Sponge rubber is a material that has the best of both worlds as it offers similar properties to the original elastomer but offers better compression ability, and overall better cushioning. Sponge rubber and foam rubber are two different things and should not be thought of as the same. It may be easier and better to define the two different types of sponge rubber, open cell sponge rubber and closed cell sponge rubber. Sponge rubber is made by using blowing agents which are essentially chemicals that decompose when heated and create bubbles. These ‘bubbles’ become the cells within the elastomer. There are many types of sponge rubber, so in turn, there are also many specifications for cellular rubber; to list a few: MIL-R-6130 (now superseded by ASTM D6576), MIL-R-46089 (now superseded by ASTM D1056), AMS 3195, AMS 3323A, and AMS 3196. Some of the sponge specifications have been superseded, but MIL-STD-670 was cancelled, and MIL-C-3133 replaced it and used its suffixes. Later, MIL-C-3133 was superseded by ASTM D1056. These are all specifications you can get your sponge tailored to. It’s important to ensure the specification you tie your sponge to, is exactly what you’re looking for.
Closed cell Sponge rubber have ‘cells’ that are not connected with each other. This helps to prevent water absorption. These cells have gases still trapped inside them which maintains the elasticity. The closed cell structure of this sponge makes it ideal for compression and shock absorption. Closed Cell Sponge Rubber can come in a number of different sponges, including silicone sponge, fluorosilicone sponge, Buna-N Sponge, EPDM Sponge, Viton® Sponge, and Epichlorohydrin sponge.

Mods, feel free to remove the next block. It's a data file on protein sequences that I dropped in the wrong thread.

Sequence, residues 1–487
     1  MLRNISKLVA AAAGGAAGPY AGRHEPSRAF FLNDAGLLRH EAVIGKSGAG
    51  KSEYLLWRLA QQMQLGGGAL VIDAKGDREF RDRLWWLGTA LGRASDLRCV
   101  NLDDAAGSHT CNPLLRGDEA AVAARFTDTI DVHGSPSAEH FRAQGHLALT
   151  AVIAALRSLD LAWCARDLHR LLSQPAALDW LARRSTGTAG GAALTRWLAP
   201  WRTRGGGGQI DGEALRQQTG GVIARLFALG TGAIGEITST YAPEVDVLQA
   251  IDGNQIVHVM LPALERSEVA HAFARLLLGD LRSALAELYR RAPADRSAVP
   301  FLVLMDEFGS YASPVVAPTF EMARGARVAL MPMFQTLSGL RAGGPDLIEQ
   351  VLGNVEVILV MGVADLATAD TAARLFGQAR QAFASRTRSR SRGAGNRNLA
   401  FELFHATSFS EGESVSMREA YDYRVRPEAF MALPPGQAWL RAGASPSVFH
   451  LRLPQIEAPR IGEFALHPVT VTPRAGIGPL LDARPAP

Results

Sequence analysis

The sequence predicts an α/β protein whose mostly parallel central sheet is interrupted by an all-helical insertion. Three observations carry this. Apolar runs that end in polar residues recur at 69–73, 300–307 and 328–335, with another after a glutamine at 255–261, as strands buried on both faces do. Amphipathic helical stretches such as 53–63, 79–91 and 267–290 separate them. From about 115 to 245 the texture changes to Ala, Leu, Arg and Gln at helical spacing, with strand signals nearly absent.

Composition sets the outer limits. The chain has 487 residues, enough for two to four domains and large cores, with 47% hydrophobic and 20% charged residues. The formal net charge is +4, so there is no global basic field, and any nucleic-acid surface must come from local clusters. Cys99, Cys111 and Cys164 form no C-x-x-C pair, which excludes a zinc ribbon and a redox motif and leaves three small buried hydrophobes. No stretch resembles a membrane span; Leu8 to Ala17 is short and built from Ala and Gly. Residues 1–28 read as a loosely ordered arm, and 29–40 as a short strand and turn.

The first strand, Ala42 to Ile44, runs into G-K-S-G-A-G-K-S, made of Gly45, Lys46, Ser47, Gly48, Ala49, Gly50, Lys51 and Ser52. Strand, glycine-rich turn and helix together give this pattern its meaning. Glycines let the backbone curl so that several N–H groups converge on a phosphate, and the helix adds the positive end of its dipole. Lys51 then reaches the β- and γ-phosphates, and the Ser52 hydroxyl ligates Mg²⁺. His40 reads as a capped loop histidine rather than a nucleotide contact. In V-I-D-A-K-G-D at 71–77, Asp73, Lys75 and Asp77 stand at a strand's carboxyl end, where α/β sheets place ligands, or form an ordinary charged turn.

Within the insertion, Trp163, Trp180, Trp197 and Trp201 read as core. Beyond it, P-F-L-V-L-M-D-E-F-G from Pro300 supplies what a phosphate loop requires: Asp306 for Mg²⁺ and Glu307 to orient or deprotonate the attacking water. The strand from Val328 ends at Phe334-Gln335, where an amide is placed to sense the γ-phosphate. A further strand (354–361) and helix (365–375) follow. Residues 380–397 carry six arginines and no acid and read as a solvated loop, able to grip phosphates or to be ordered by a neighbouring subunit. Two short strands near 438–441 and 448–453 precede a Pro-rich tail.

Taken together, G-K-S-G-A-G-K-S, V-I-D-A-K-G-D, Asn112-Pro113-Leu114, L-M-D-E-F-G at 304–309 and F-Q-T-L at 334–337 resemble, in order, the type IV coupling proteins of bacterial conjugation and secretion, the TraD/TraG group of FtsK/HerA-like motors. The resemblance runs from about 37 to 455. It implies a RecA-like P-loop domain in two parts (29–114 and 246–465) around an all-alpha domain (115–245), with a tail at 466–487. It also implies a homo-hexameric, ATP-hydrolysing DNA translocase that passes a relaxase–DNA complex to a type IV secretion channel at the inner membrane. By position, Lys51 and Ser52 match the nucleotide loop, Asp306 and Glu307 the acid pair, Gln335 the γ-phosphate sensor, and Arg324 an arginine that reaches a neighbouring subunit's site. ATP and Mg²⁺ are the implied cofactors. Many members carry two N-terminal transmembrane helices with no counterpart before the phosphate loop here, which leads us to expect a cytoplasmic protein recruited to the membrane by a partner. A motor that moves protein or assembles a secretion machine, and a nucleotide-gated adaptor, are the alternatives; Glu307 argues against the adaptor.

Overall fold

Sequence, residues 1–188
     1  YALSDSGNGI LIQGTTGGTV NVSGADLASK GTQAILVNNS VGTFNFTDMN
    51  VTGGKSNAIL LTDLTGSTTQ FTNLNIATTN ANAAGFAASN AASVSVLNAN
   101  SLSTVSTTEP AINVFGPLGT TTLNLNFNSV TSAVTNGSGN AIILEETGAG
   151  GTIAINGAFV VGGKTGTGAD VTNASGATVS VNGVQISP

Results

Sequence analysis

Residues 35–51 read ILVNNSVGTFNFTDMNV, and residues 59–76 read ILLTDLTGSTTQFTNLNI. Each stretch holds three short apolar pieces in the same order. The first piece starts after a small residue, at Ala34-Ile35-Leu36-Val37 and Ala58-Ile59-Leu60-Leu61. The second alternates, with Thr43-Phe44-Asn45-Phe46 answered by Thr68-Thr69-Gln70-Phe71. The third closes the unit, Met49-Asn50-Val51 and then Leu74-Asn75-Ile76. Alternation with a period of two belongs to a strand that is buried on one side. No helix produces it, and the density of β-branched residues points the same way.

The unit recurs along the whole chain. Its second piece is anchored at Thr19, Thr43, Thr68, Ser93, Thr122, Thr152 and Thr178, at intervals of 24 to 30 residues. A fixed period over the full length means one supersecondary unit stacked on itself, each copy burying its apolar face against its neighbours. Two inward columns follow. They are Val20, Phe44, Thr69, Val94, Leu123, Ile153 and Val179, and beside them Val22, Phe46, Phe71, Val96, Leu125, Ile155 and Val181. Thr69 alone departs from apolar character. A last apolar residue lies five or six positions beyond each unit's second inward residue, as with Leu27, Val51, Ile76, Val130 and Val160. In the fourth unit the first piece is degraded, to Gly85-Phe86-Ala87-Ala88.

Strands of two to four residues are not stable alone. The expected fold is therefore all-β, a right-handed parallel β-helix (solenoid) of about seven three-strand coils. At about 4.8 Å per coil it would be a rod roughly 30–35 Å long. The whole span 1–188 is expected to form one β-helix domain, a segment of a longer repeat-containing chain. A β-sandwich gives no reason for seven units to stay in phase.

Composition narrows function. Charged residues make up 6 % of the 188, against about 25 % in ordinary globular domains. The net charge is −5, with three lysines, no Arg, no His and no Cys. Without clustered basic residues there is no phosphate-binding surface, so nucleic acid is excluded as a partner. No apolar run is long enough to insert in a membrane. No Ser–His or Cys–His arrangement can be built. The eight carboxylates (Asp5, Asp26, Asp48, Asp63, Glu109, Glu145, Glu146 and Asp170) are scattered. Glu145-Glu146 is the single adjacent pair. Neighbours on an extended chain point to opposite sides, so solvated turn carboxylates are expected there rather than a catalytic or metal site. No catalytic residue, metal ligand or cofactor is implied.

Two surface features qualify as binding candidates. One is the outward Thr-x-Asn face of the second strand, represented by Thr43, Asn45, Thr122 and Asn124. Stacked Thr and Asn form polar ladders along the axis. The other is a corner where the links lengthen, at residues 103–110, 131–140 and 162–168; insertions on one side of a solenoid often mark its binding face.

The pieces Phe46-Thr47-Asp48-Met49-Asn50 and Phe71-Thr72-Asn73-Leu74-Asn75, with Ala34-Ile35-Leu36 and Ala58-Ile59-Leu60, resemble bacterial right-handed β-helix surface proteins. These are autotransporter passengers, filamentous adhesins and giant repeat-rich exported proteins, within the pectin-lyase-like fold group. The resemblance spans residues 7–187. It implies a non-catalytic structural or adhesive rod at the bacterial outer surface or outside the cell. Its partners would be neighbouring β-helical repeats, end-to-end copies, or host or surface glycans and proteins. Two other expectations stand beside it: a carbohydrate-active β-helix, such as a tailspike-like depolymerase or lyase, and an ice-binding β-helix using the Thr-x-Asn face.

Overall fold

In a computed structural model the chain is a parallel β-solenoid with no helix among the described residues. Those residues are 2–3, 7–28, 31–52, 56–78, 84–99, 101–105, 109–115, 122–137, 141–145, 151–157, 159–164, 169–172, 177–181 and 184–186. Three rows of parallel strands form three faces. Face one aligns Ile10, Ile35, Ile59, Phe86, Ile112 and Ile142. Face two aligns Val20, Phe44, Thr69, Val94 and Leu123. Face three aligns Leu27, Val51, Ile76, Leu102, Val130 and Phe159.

Some popular commercial sponges are R-10490, R-10480, R-10470, R-10460, all put out by Saint Gobain Performance Plastics Corporation. NEDC can convert Closed Cell Sponge Rubber at its facility with different methods including waterjet cutting and die cutting. Closed Cell Sponge Rubber can also be laminated with NEDCs diverse line of 3M products, including acrylic and silicone tapes.
Open Cell Sponge Rubber also has ‘cells’ but these cells are interconnected and thus have poor water absorption resistance. These cells are formed from a blowing agent such as sodium bicarbonate. The interconnected cells are caused by an expansion of the blowing agents that are used to create the sponge. These gases rupture the other cells and cause them to be interconnected, like small tunnels. Open Cell Sponge Rubber can be die cut and waterjet cut. It can also be supplied laminated with 3M products including acrylic and silicone adhesives.